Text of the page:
Chair Mike Orr - Welcome Back Message
Post date: Aug 14, 2015 3:14:51 PM
How well do you know yourself and those around you? Most educators would agree that this is a subject important enough to talk about. This year as we move forward with the theme, “Desire to Inspire”, knowing our students and peers will continue to be important.
We know you and believe that you would appreciate honoring the memories of the teammates we lost last year, Charlene Thomas of Micaville Elementary, and Chrissie Ray of Burnsville Elementary.
One Sunday afternoon last fall, the Micaville teachers, support staff, and administration met in the media center in numbness and pain. They came together because they knew they needed to.
This staff knew themselves and they understood what must be done to prepare for students that would be returning to them in a matter of hours. While dealing with their own grief they planned together and on Monday morning they welcomed their students.
It seemed no time before more suffering returned. This time the administration had less time for preparation because even as students were entering Burnsville Elementary for their day in the classroom, news of another loss was unfolding.
Our superintendent knew the Burnsville staff well and that their struggle between professionalism and emotion could surface since they had had no time together to prepare. A plan was made with the principal that both acknowledged the needs of the staff, and that modeled healthy grieving for their students. The staff responded effectively because even while fighting their personal shock and loss, the welfare of their students remained the top priority.
There were others that understood the unique needs that Micaville and Burnsville had during their grieving and responded accordingly. Sister schools and individuals alike reached out in their own ways. They sensed their offerings would matter.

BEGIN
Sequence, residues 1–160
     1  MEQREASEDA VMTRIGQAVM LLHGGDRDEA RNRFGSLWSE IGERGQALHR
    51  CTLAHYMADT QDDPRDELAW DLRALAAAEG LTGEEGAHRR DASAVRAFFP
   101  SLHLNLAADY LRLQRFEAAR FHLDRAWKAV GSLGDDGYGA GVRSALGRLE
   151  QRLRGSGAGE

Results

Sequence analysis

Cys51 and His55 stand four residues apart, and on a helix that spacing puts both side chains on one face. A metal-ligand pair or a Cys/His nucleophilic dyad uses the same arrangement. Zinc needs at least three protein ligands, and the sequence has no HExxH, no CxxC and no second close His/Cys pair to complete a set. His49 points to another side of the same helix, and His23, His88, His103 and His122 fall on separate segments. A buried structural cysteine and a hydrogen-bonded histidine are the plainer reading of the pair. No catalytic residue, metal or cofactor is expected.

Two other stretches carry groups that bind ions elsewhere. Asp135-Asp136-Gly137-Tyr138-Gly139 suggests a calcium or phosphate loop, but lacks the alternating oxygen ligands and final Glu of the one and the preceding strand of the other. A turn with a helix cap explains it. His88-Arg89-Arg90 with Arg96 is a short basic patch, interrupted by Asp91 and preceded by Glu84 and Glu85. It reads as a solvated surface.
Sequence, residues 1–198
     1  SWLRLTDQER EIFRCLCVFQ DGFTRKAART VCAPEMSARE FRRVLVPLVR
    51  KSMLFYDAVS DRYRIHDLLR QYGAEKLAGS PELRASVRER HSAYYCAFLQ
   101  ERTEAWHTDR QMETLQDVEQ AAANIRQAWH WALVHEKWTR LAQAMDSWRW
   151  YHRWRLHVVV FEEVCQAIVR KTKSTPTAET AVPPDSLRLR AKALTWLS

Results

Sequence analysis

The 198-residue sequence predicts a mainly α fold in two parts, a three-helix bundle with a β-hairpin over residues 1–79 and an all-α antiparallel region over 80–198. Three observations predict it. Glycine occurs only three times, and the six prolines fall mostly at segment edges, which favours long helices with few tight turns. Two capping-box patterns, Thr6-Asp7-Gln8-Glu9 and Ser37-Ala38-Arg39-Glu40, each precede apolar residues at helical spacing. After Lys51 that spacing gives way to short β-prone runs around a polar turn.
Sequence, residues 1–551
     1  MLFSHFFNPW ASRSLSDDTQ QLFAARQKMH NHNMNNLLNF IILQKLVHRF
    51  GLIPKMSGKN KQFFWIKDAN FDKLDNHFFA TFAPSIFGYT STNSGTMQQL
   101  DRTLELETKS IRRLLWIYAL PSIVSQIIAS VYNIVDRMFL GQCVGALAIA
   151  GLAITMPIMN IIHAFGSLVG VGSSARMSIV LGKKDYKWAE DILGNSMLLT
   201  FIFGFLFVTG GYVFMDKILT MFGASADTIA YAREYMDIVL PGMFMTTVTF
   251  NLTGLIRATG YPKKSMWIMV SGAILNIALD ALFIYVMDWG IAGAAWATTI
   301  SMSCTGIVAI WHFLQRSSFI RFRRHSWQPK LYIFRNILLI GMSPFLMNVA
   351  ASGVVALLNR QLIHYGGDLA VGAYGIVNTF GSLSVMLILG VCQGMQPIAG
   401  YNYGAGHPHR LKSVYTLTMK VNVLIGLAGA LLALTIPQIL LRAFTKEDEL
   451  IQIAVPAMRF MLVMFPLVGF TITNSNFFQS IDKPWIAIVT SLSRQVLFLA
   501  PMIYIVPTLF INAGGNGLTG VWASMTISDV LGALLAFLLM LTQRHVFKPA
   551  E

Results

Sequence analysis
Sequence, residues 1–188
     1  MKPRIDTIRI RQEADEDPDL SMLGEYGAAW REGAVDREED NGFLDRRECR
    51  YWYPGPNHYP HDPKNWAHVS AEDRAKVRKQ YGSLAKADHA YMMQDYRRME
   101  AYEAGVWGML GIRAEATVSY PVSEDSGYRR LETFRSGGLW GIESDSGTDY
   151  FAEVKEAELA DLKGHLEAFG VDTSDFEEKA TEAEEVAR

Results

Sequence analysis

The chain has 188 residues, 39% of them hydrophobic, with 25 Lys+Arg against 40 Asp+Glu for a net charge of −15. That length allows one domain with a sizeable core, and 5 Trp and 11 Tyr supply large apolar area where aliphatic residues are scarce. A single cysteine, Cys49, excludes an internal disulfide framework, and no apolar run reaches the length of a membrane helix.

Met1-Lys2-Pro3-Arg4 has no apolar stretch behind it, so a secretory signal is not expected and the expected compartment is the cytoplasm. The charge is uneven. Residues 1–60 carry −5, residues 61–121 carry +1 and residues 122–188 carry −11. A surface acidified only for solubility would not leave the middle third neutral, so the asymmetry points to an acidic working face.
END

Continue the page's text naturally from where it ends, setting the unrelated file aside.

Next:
In June, when the last student bus left the parking lot for the summer, the Burnsville staff still had a need. They had not grieved together as a family. These comrades knew that they needed time together so that is what they did.
Last year was tough, but the reason for my words this morning is not to rehash emotions but to celebrate the strength of Yancey County Schools. In exceedingly difficult circumstances Yancey County Schools charted a course and kept students first. That is of course why we are here.
I have been talking about, “knowing ourselves and those we serve,” but let me change focus slightly. I recently listened to an aspiring school superintendent speak of his formative years when he taught middle school up in Crossnore. I thought his experience was worth our time today because he also believes it is important to know students in order to understand their needs. The story from one of his post evaluation conferences went like this.
Hypothetically his principal asked him, If a visitor to our school randomly chose ten names from the student roster, could you describe the specific needs and challenges of each student, or..... identify another adult within our school that could. In other words, is there an intentional adult on staff in your school that can articulate the unique needs of every student in your school? Granted, Crossnore is a small school and beyond that, I believe this principal was trying to get the young teacher to think beyond his classroom.
It is ok for us to question, is this strategy necessary? Is it practical? How about worthwhile? But.... could it make a difference as we, “Desire to Inspire?”
Incidentally the superintendent in this story was hired in May to serve the 35,000 students of the Spring Branch Independent School District in Houston, Texas. While he was a student in Yancey County he attended Burnsville Elementary, Cane River Middle, and graduated from Mountain Heritage in 1985 I think. It is safe to say that Yancey County Schools inspired and prepared him well.
Earlier I asked, “How well do you know those around you?” We know that understanding student needs is important in tragedy but it is more important as we do our routine.
Routine is important because it accounts for a majority of our time. Thankfully, the hardships we share, and the formal observations for which we make ready are not routine. Routine is instead, how we prepare lessons for the ordinary days; how we pull duty; and even how we supervise the four minutes before class is over. Routine for some is making sure there is on going parental contact. Routine for others is thanking those that help them serve their students.
Routine, very simply, becomes what we choose. Our routine is either monotonous or exciting. It is either repetitive and unchanging or it is inspirational.
The board realizes the success of Yancey County Schools depends on you. We thank you and continue our encouragement as you do your work. Have a good year.